This October, we’ll be publishing Evidence of V: A Novel of Fragments, Facts, and Fictions by Sheila O’Connor, in which she tells the riveting story of V, a talented fifteen-year-old singer in 1930s Minneapolis who aspires to be a star. Drawing on the little-known American practice of incarcerating adolescent girls for “immorality” in the first half of the twentieth century and based on the facts of her own grandmother’s true story, O’Connor follows young V from her early work as a nightclub entertainer to her subsequent six-year state school sentence for an unplanned pregnancy. This collage novel is already garnering a lot of attention and we think it’s both because of the stellar writing and the way O’Connor’s research into her own family story uncovered this hidden American secret of unjustly incarcerating girls for 5-6 years at a time for non-criminal offenses.
And then next spring, we’ll be putting out Audubon’s Sparrow, a novel-in-poems by Juditha Dowd that explores the life and times of the famous naturalist through the perspective of his brilliant and un-sung wife, Lucy Bakewell Audubon, who was instrumental in her husband’s success and her family’s survival.
And we’re very excited to be partnering with the journal Brevity to publish a new anthology, The Best of Brevity: Twenty Groundbreaking Years of Flash Nonfiction, in fall 2020.
ECM: What are you visions and goals for the press? Where you see publishing going in general?
RMP: Sustainability has always been one of our highest aims. We’ve been in business for 13 years and counting, which is a decent duration for any undertaking, but especially for one as challenging as small press publishing. From the outset, we’ve striven to be steady, stable, and reliable, and to give our all to each book we publish. This has meant deliberately resisting the dominant capitalist paradigm in our country, which says that growth for growth’s sake ought to be one of a business’s highest aims, but we’ve found success and satisfaction in operating on a scale that lets us be here for the long-run.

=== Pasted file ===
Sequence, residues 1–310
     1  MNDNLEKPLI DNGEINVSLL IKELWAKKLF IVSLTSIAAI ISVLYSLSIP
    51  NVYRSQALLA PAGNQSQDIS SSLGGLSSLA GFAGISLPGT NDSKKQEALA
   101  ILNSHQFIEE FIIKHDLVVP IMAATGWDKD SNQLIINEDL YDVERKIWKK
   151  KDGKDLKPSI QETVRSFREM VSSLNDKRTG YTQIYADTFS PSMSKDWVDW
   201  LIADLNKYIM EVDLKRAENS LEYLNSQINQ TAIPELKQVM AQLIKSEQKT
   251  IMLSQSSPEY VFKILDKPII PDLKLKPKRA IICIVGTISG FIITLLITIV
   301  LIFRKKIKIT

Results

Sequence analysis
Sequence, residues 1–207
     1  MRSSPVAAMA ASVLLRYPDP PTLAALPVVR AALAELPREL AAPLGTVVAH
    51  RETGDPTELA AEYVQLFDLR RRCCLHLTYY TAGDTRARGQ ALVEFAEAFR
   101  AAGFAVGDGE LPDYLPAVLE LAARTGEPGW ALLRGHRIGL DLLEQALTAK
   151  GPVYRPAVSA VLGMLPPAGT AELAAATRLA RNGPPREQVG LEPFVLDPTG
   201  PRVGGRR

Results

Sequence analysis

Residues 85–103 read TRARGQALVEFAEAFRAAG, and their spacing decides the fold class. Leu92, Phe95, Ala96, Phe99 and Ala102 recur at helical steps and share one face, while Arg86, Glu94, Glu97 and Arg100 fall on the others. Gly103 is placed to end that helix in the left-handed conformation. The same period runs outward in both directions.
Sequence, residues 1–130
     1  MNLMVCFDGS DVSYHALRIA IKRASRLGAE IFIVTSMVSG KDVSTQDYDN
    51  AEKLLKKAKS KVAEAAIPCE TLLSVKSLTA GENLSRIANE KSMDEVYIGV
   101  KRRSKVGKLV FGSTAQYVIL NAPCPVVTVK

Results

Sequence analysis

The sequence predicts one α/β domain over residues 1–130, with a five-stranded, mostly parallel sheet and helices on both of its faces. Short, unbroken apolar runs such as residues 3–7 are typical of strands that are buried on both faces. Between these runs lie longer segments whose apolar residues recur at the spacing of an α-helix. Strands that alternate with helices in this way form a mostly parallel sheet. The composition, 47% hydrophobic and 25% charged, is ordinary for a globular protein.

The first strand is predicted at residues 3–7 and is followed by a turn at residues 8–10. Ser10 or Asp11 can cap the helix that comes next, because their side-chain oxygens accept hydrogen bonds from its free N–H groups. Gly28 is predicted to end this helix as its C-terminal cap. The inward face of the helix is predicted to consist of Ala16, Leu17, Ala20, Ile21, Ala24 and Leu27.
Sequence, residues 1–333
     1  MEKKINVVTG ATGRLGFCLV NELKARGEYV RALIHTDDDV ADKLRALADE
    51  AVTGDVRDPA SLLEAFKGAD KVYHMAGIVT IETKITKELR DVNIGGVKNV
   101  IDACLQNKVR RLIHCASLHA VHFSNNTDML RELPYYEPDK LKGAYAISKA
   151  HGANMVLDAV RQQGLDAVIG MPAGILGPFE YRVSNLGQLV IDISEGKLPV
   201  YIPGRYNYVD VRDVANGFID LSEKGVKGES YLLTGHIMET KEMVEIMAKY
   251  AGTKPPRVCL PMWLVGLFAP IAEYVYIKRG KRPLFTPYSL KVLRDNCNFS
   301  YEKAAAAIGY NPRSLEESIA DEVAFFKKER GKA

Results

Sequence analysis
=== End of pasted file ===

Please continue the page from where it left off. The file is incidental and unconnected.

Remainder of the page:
Keeping things to a sustainable scale helps us achieve our outreach goals as well so we can really spend time reaching out to review outlets, media organizations, and readers in various ways, and organizing reading tours for our authors. We have a small staff, so try to keep our annual list at a scale (2-3 books a year) we can make successful and get the best readership for each of our authors and the most attention for each book.
ECM: What’s in your reading pile, either from your press and from other presses?
RMP: For Kathleen, Socialist Realism by Trisha Low from Coffee House, one of her favorite small presses, and The Rim of Morning, a compendium of two cosmic horror novels by William Sloane from New York Review of Books Classics, a publisher she adores for its mission of keeping brilliant older work in print.
For Abby, she’s currently catching up on two much-acclaimed books from 2018: Her Body and Other Parties by Carmen Maria Machado, out from Graywolf, and Tommy Orange’s There There, from Knopf.
ECM: What advice would you offer someone looking to publish with you?
RMP: It might seem obvious, but we always advise people to make sure their work is truly in the field of hybrid genres before they submit to us—we like traditional genres, too, but we do not publish them, so we really are looking for cross-genre stuff that fits our niche. We plan to have an open reading period next June 2020, so we hope people are getting their best hybrid genre manuscripts ready for us!
We also recommend being an all-around good literary citizen—being someone who doesn’t just seek publication and recognition for yourself, but rather also participates in the broader field of literature and cares about and supports other authors and presses. Be someone who writes reviews, shares work by authors you admire on social media, buys books from small presses, and attends readings and events.
ECM: What advice would you offer someone thinking of starting a small press?
RMP: Budget—in terms of both time and money—for everything taking longer and costing more than you anticipate. Running a small press is intensely time-consuming and challenging, but it’s a labor of love and the rewards—of finding new favorite authors, getting wonderful work out into the world, and expanding the scope of the literary field one book at a time—are second to none.
Erica Charis-Molling is a creative writing instructor and librarian at the Boston Public Library. Her writing has been published in Crosswinds, Presence, Glass, Anchor, Vinyl, Entropy, and Mezzo Cammin. She’s an alum of the Bread Loaf Writers’ Conference and received her M.F.A. in Creative Writing from Antioch University.